Curtis Duffy hovered over plates inside the gleaming white kitchen of his new restaurant, Grace. Of closing your eyes and hoping your problems disappear.
But he chose p.m., the last table of the night, when they could have the whole restaurant to themselves. One day, Curtis announced he was leaving the family — this time, forever. It ended with a contrite Curtis in his mother’s embrace. couple of years later, in 1987, when Curtis was 12, his father, Robert “Bear” Duffy, gathered his wife and three kids for a family meeting. In Colorado, Curtis had his skateboard, his friends, his own bedroom, a big backyard to run around. Bear, a Vietnam War veteran given his nickname by his biker friends, pulled in decent money at his father-in-law’s tire retreading company. They believed Bear saw a convenient escape: Move closer to his family near Columbus. At one point, he was even an officer in the town’s small police force. Still, the Duffys went from a five-bedroom house in Colorado to a two-bedroom apartment in Johnstown.He’d been under the impression the business would go to him when his father-in-law retired. There weren’t enough beds for Curtis to claim one, so for a while he slept on the floor of a walk-in closet.Get your hands in the dough, give a damn about something, and watch results bubbling from the oven 12 minutes later. In Curtis she saw a boy who put on a hard exterior but behind it was sullen and painfully shy, a student still adjusting from being uprooted.He was all nervous tics, fingers constantly inside his mouth, nails emerging chewed down, arms crossed in a defensive posture.After baseball and wrestling practice, Curtis went there and washed dishes for four hours, and was paid cash.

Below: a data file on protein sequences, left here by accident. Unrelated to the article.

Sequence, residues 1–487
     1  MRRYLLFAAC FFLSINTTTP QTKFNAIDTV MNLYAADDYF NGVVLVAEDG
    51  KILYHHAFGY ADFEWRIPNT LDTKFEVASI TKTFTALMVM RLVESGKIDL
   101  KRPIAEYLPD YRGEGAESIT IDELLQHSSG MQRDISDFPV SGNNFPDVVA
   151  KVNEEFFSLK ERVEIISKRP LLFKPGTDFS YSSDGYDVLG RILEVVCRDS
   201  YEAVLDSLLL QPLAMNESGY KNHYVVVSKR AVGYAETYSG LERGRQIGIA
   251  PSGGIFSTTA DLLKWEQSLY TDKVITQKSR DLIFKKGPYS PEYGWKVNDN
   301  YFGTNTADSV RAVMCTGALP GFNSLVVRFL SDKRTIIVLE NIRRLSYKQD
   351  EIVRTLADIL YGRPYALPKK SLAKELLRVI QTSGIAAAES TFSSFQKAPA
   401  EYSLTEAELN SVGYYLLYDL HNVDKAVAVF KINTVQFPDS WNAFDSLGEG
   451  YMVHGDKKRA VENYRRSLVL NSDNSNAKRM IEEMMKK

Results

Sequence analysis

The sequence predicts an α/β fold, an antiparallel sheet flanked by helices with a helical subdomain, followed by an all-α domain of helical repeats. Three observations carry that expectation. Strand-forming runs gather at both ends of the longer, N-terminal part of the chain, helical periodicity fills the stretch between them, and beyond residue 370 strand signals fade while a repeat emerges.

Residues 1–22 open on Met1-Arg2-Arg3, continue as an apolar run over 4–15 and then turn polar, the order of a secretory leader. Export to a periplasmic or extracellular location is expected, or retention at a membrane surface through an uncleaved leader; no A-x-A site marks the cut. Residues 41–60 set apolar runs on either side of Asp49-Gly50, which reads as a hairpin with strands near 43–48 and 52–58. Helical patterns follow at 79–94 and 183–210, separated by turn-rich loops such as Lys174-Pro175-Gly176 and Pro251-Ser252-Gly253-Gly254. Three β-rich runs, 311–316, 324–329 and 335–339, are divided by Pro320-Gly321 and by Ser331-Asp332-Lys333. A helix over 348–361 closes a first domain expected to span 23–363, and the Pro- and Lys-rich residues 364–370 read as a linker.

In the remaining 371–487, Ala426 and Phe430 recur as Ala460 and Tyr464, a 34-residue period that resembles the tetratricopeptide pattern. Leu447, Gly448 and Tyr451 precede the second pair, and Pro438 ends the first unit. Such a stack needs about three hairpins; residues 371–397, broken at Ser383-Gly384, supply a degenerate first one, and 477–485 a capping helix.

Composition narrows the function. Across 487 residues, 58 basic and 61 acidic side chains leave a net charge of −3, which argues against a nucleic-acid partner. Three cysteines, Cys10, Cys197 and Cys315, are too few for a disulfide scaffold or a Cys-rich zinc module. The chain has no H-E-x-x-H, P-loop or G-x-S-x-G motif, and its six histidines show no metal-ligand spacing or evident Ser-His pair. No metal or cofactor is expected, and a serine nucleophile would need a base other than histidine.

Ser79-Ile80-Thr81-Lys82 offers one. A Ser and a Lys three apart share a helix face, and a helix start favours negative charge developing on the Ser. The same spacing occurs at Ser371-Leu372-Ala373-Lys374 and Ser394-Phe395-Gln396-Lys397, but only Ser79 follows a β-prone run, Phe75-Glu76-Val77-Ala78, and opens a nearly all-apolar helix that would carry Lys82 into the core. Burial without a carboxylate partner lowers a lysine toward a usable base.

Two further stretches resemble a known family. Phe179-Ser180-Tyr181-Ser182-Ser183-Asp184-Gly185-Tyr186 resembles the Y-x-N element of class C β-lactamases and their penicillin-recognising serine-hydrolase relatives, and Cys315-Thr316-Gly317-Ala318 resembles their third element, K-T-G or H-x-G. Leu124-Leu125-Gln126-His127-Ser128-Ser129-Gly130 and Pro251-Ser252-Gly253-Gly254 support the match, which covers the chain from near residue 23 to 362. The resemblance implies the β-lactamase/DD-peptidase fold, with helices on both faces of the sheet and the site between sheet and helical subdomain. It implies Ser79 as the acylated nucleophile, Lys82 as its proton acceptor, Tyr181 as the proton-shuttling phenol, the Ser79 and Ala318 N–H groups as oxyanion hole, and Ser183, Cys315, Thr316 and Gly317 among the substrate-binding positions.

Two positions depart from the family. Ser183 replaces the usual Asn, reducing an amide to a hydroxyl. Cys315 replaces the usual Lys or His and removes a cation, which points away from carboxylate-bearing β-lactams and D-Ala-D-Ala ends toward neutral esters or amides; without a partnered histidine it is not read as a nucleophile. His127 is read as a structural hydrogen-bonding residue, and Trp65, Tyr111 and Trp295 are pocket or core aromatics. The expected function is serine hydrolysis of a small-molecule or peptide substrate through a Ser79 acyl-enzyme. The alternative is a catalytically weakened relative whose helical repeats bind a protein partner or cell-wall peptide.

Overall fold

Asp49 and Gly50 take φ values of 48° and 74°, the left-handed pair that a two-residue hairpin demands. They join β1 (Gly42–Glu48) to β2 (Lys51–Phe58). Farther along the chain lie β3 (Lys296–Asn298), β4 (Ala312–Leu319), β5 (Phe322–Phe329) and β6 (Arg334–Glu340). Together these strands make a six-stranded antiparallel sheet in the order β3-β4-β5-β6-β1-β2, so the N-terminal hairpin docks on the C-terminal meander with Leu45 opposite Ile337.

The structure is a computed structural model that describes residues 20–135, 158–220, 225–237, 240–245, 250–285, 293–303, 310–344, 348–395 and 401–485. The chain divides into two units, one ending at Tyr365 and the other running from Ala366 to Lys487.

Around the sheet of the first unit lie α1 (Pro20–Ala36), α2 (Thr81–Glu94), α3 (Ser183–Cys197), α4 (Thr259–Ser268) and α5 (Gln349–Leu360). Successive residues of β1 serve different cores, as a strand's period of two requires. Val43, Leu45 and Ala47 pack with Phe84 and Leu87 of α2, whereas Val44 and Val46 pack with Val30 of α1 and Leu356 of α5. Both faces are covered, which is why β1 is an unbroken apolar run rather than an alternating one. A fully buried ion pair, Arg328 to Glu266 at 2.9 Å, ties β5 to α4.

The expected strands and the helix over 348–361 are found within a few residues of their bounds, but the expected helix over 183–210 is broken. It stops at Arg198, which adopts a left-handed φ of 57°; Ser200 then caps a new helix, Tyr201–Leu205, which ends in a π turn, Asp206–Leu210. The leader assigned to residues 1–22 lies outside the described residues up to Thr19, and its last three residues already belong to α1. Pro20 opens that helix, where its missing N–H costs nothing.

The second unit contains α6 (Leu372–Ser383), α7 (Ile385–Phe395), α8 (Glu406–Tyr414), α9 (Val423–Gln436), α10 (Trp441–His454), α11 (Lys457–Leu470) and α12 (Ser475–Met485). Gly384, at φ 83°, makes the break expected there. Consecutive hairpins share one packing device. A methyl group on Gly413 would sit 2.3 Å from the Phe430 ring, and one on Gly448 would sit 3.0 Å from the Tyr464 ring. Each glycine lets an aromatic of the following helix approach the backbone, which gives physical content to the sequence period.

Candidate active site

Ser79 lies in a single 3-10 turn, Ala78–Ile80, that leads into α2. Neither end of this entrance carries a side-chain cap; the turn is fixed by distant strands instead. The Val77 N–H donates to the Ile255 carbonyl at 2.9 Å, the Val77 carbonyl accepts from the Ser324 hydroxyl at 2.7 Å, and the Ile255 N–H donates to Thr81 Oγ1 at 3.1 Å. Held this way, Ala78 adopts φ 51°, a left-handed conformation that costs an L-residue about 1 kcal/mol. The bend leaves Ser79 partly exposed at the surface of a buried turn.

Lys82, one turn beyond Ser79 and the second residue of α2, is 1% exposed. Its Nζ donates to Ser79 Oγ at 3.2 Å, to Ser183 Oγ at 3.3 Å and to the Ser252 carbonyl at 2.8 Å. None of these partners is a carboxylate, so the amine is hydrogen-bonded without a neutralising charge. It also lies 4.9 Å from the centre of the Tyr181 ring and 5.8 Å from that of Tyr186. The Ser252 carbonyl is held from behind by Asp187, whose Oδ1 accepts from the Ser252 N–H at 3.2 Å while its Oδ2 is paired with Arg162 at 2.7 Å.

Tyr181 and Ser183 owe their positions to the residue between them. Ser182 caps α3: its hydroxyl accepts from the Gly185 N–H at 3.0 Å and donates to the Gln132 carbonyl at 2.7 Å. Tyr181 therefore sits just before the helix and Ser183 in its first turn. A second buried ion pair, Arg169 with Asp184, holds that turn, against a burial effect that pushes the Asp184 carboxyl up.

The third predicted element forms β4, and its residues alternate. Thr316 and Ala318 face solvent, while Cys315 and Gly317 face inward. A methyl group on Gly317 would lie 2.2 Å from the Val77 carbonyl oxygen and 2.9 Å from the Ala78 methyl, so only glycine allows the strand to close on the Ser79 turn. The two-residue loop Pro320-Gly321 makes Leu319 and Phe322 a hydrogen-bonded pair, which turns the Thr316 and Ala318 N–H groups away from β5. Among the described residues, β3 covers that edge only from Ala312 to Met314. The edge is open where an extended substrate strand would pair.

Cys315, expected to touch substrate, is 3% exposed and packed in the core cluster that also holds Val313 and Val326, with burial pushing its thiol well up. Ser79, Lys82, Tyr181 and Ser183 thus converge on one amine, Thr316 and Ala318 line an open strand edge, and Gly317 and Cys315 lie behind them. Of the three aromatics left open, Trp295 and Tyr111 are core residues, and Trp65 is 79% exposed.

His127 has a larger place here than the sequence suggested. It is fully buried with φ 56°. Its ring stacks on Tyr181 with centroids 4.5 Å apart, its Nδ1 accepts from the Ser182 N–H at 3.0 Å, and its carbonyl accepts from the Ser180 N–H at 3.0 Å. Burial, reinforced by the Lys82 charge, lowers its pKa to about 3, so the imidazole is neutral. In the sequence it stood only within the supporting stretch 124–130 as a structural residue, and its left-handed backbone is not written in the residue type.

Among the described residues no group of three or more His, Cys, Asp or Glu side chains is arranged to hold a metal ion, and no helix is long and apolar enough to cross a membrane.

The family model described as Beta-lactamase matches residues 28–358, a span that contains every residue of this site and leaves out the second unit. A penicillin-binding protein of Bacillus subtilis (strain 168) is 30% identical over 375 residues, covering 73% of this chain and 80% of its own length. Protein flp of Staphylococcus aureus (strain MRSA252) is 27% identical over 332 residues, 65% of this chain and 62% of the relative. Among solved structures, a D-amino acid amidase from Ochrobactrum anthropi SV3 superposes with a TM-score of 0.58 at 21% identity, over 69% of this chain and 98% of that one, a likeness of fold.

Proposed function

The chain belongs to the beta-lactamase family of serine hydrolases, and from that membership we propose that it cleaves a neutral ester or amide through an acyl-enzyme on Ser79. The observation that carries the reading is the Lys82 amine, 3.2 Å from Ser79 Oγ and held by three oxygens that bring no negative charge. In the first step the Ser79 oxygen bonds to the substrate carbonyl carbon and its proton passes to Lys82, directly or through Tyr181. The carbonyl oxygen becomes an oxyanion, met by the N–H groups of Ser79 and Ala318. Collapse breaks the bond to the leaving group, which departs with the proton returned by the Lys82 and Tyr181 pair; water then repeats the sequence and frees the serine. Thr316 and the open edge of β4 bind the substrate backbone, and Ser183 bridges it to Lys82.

Menial tasks became a game to him, and a game was something into which he could channel his angst.There Curtis sat, choosing a table as far back as possible in Room 12 of Adams Middle School. It was an attitude she had seen in many other adolescent boys with machismo to burn.And that is where the switch flipped for him, the filament glowed and the bulb flickered on. In her first lesson, Snider promised the officially sanctioned food of 12-year-olds.His high school cooking teacher, Kathy Zay, connected him with her restaurant-industry contacts.Curtis took a job at a country club in New Albany, an affluent Columbus suburb, that altered his concept of food.“My brother and I weren’t the easiest kids,” Curtis said. They used fists, hammers, even their skulls as weapons, Curtis said: One time he pummeled a kid’s face so badly the boy was later fitted with braces.